* Further $10 billion trim to monthly bond buying on tap
* Quarterly rate hike projections to be scrutinized
* Decision due at 2 p.m. EDT/1800 GMT; Yellen news briefing follows
By Howard Schneider
WASHINGTON, June 18 (Reuters) - The Federal Reserve’s policy committee concludes its latest meeting on Wednesday with little change expected in its outlook for interest rates but the potential for new details to emerge on the planned exit from its current easy monetary policy.
The U.S. central bank is widely expected to decide on a further $10 billion reduction in its monthly bond buying, staying on course to shutter the program entirely by year end.
It will announce its decision and release fresh economic and interest rate projections at 2 p.m. EDT (1800 GMT). Fed Chair Janet Yellen will hold a news conference to discuss the results a half hour later.
The interest rate “dots” plotting the views of each policymaker will be watched closely for any shift in the expected timing or pace of rate increases, and for whether officials lower their view of the long-run target interest rate in response to a diminished sense of the economy’s potential.
The Fed cut overnight rates to near zero in December 2008 as it battled the financial crisis and deep recession.
Investors in futures markets predict it will finally lift them in June 2015, while the consensus of economists in a Reuters poll released on Tuesday expected the Fed to begin raising rates in the third quarter of next year.
The meeting will include a few new faces around the table: Fed Vice Chair Stanley Fischer and Fed Governor Lael Brainard. Brainard, however, was sworn in too late to submit economic and interest rate projections.
While the Fed’s policy statement is still expected to call for rates to remain near zero “for a considerable time,” Diane Swonk, chief economist at Mesirow Financial, said she expected the individual forecasts to begin to diverge.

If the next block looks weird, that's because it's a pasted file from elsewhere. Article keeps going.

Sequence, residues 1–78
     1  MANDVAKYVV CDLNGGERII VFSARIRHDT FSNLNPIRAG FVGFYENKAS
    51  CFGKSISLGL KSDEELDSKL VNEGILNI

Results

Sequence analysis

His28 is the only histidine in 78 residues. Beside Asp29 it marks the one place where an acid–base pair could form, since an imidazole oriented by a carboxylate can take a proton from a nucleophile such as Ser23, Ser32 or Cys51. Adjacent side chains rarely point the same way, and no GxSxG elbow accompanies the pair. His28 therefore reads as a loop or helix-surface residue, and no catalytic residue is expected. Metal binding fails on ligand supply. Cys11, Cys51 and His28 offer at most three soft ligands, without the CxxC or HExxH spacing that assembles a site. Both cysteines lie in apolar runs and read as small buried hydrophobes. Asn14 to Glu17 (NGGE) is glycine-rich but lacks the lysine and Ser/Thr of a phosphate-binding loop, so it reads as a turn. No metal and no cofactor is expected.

Many economists have cut their growth forecasts for the year due to a dismal first quarter that was largely the product of severe winter weather but also reflected a slower than expected expansion of housing and business investment, and the Fed is expected to follow suit.
Though growth is expected to accelerate in 2015, Swonk said there are doubts the recovery is robust enough for the Fed to feel confident about a rate increase.
“It is a sense of two steps forward, one step back,” said Swonk as she presented a mid-year forecast of the Securities Industry and Financial Markets Association on Tuesday. The Fed “is going to stay the course, but I think you are going to see more uncertainty” in the economic outlook and more dispersion among officials about when rates should rise.
One central issue facing the Fed as it contemplates a move away from its crisis-era monetary policy is whether and for how long to keep its bloated balance sheet from shrinking by reinvesting proceeds from maturing securities it holds. The Fed has more than quadrupled its balance sheet to $4.3 trillion through a series of large-scale bond purchases.
If any decisions are taken, Yellen could make an announcement at her news conference. (Reporting by Howard Schneider; Editing by Paul Simao)